White House Coronavirus Response Coordinator Debbie Birx for a second time this week encouraged the millennial generation to be vigilant in social distancing as she expressed concerns over reports from France and Italy that some young people are becoming “very seriously ill” due to the CCP virus.
The Epoch Times refers to the novel coronavirus, which causes the disease COVID-19, as the CCP virus because the Chinese Communist Party’s coverup and mismanagement allowed the virus to spread throughout China and create a global pandemic.
“There are concerning reports coming out of France and Italy about some young people getting seriously ill and very seriously ill in the ICUs,” Birx said on Wednesday at a White House press conference.
Birx did not provide further details about the data pertaining to the two countries.
“We think part of this may be that people heeded the early data coming out of China and coming out of South Korea that the elderly or those with preexisting medical conditions were at particular risk,” she continued.
Birx, a physician and ambassador, suggested that because there were high numbers of millennials becoming infected, a notable number of severe cases are arising even though only a small proportion in the age group faces severe infections.
“There may be a disproportionate number of infections among that group, and so even if it’s a rare occurrence, it may be seen more frequently in that group and be evident now,” she said.
“We have not seen any significant mortality in children but we are concerned about the early reports coming out of Italy and France,” Birx said. “I’m going to call out that generation [the millennial generation] … we need them to be healthy.”
She urged the millennial generation to practice social distancing to lessen the chance of becoming exposed to the CCP virus.
Birx said: “We cannot have these large gatherings that continue to occur throughout the country for people who are off work to then be socializing in large groups and spreading the virus. You have the potential then to spread it to someone who does have a condition that none of us knew about and cause them to have a disastrous outcome.”
In France, the country’s top health official Jerome Salomon recently said that more than half of infected patients who are in intensive care in France are those aged younger than 60.
“We have counted this evening 300 serious cases in intensive care. We have serious cases also amid adults and let me remind you that more than 50 percent of people in intensive care are under 60,” Salomon said at a news conference late Saturday, reported CNN. He did not specify the age range of those under 60.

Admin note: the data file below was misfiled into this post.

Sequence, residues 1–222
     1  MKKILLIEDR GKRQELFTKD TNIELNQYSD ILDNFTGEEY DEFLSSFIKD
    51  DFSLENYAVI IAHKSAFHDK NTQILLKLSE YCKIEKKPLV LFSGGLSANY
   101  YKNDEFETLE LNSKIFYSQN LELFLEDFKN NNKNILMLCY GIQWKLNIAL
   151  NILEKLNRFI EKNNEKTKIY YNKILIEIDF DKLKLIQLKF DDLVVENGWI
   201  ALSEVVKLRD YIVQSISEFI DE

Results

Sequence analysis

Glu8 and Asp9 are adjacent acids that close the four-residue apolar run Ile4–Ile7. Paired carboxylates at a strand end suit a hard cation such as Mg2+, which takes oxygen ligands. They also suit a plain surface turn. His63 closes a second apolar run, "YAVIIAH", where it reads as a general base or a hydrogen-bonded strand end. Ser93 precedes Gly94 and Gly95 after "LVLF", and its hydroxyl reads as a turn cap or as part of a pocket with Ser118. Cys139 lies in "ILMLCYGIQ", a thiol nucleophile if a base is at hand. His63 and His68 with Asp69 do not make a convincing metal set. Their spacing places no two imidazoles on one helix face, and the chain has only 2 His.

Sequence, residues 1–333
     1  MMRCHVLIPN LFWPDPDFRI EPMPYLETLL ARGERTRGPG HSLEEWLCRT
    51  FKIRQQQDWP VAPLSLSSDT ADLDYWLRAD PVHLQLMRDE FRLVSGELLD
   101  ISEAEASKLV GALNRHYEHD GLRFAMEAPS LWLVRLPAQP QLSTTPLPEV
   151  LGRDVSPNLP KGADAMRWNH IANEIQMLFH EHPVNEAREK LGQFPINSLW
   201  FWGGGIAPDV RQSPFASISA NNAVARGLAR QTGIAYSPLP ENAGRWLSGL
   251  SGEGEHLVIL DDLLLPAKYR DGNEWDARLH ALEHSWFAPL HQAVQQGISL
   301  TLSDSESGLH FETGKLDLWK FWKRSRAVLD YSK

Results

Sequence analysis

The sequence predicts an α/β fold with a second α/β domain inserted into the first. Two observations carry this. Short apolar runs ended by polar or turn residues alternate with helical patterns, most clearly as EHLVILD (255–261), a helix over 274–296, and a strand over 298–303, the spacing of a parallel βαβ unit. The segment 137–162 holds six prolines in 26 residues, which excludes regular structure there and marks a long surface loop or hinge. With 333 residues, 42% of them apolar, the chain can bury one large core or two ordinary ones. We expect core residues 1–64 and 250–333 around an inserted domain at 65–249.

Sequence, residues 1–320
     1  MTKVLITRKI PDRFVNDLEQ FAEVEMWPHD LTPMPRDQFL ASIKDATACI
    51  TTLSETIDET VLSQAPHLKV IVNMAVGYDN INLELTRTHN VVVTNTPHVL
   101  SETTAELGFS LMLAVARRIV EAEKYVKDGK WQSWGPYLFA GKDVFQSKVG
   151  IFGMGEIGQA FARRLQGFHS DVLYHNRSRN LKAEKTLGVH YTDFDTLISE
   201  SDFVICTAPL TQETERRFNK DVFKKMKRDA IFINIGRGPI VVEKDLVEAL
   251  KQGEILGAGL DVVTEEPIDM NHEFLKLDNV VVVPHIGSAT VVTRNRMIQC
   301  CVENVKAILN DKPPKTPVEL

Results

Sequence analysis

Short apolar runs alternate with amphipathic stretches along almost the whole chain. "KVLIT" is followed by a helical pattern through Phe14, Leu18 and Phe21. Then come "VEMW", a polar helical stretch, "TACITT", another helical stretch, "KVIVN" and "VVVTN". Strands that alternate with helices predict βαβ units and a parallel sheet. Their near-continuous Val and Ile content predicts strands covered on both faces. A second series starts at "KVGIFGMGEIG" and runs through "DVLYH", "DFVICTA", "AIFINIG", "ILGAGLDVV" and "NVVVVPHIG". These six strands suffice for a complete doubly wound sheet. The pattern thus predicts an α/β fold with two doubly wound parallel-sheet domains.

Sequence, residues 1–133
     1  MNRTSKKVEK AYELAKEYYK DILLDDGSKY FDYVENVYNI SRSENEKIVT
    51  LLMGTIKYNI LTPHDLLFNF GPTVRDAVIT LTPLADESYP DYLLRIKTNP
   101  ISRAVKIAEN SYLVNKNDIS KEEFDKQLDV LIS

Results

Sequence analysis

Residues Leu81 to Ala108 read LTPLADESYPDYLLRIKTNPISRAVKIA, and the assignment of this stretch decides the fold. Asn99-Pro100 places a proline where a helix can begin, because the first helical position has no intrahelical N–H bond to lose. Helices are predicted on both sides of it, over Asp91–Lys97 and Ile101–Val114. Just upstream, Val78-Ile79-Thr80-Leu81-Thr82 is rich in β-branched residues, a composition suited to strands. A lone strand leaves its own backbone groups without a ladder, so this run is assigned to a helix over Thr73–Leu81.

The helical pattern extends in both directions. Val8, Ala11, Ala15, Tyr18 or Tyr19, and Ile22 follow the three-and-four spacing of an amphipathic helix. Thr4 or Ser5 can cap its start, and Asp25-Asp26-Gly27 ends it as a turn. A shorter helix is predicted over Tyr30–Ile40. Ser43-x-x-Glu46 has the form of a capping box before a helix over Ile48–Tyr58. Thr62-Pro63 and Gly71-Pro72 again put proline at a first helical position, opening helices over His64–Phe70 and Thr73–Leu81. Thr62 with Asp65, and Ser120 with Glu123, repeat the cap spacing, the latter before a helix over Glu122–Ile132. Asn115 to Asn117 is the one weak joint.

On Monday, Salomon said that people did not appear to heed official advice from the French government to stay at home.
“A lot of people have not understood that they need to stay at home, and this low level at which people have adhered means that we are not succeeding in curbing the outbreak of the epidemic,” he told France Inter radio, Reuters reported.
In Italy, 12 percent who are in intensive care are aged between 19 and 50, official figures released last week show (pdf); 52 percent come from people aged 51-70, with the rest aged over 70.
Italian newspaper la Repubblica reported that hospitals in Lombardy are seeing patients aged between 25 and 50 admitted for COVID-19 treatment. An article published Monday in the BMJ medical journal (pdf) noted that “the median age of those in intensive care is 69 (age 51-70: 46 percent; age >70: 44 percent), with no cases under the age of 18. However, a significant percentage of patients are under 30, which confirms how crucial this age group is in transmitting the virus.”
Pier Luigi Lopalco, a professor from Pisa University, told Il Corriere della Sera that younger people, who generally have more social interactions, are at more risk of being infected if they don’t practice social distancing.
At a World Health Organization (WHO) briefing Wednesday, the head of the WHO’s emergency program Mike Ryan emphasized that young people are not exempted from experiencing severe illness from the CCP virus, raising Italy and South Korea as examples.
“The idea that this is a disease that causes death in older people, we need to be very, very careful with,” he said, adding that close to 20 percent of deaths in South Korea happened in those under 60.
“Physicians again in Italy will attest to this, and in Korea. This isn’t just a disease of the elderly. There is no question that younger, healthier people experience an overall less serious disease. But a significant number of otherwise healthy adults can develop a more severe form of the disease,” Ryan added.